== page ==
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An experimental comparison of otherwise identical black and silver compact sedans indicated that increasing the solar reflectance rho of the car's shell by about .5 lowered soak temperature by 5-6 C .Thermal analysis predicts that the air conditioning capacity required to cool the cabin air in the silver car to 25C with 30 minutes is 13% less than required in for the black car.

And their summary

We measured the solar spectral reflectance and thermal emittance of over 180 car coating samples obtained from two automotive coating manufacturers: BASF Automotive Coatings, and PPG. These samples included both production colors and prototype color colors. Solar reflectance, visible reflectance, near-infrared reflectance, and color coordinates (CIELAB *L, *a and *b) were computed from solar spectral reflectance. Solar reflectance index (SRI) was computed from solar reflectance and thermal emittance. Our measurements verified that the prototype cool colors did generally exhibit solar reflectance exceeding visible reflectance. Solar reflectance ranged from 0.04 (conventional black) to 0.70 (conventional white), with many cool colors ranging in solar reflectance from about 0.20 to 0.50. All coated samples exhibited high thermal emittance (0.82 - 0.95).

It is the reflectance that makes the difference between dark colors and light colors and the proposal is to used this knowledge to reduce the air conditioning load of cars.

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The reason your car gets hot on a sunny day has little to do with the color of the paint. It is due mostly to the greenhouse effect of the glass.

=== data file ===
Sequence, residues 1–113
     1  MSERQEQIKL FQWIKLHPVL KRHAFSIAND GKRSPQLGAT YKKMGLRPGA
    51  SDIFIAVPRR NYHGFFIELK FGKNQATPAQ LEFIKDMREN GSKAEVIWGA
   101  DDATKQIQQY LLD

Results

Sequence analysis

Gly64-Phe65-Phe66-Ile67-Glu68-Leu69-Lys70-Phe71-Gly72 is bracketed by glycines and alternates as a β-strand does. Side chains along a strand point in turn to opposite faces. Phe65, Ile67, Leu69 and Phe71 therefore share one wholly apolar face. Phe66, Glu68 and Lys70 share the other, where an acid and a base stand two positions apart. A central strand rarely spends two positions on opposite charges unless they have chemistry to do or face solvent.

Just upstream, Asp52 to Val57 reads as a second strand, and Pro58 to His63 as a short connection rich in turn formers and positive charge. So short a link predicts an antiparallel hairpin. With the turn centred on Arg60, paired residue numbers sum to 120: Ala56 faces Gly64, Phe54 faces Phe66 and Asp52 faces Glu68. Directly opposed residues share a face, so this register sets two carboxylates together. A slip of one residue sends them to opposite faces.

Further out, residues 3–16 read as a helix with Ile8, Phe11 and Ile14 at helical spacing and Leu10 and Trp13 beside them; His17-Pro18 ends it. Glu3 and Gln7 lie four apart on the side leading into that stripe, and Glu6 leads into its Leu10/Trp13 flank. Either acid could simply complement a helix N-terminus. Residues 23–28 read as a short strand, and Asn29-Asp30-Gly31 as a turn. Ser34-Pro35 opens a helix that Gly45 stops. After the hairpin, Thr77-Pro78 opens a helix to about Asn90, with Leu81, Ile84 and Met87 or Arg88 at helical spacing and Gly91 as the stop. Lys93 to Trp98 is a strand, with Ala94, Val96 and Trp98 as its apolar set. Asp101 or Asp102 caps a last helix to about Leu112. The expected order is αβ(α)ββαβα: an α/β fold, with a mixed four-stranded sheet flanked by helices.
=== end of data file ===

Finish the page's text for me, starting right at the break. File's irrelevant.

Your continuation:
The greenhouse effect happens when light with higher energies (visible light for example) passes through the glass and is absorbed. The absorbed energy causes the interior parts of the car to heat up and emit in the infrared, but this wavelength is reflected by the glass creating a one way energy valve. This effect depends on the air not being able to escape so that the heat is not taken away by convection. The image below from this hyperphysics article illustrates the effect.

Greenhouse Effect

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  • $\begingroup$ While this is accurate, why not answer the OP's question by positing two cars with common interior and common glass type, so the only variable is the paint color? $\endgroup$ – Carl Witthoft Feb 4 '14 at 12:51
  • $\begingroup$ You're right @CarlWitthoft. All I can infer from your answer, and particularly from the sentence "has little to do with the color of the paint" is that temperature will change the same way whatever the color of the car paint. $\endgroup$ – peter3265965 Feb 4 '14 at 15:44
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    $\begingroup$ @peter3265965 I took your question as a practical one. The point of my answer is that the temperature of the car is due to energy which gets in through the windows and is not released. The temperature will therefore be nearly identical regardless of the color or type of the paint. To be honest, any answer about how the paint effects the temperature needs to account for more than the color; for example what type of clear coat covers the paint and what is the metallic content. $\endgroup$ – Chris Mueller Feb 4 '14 at 16:56
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    $\begingroup$ But energy does not come in through the windows only!! The car roof is not insulated, just some metal. The color is important in reflecting the energy so less is absorbed. Greenhouses (the real ones) get hotter than outside temperature because of lack of convection not because of the glass. The difference of a glass cage to the land surrounding it is that there is no convection, otherwise the same energy is absorbed. In the case of the car the part coming from the windows is the same, but the part coming from the roof and sides can have 50% or more depending on reflectivity. $\endgroup$ – anna v May 10 '14 at 10:50
  • $\begingroup$ @annav Greenhouses get hotter because the glass transmits visible light but doesn't transmit infrared light as well $\endgroup$ – endolith Apr 26 '18 at 19:47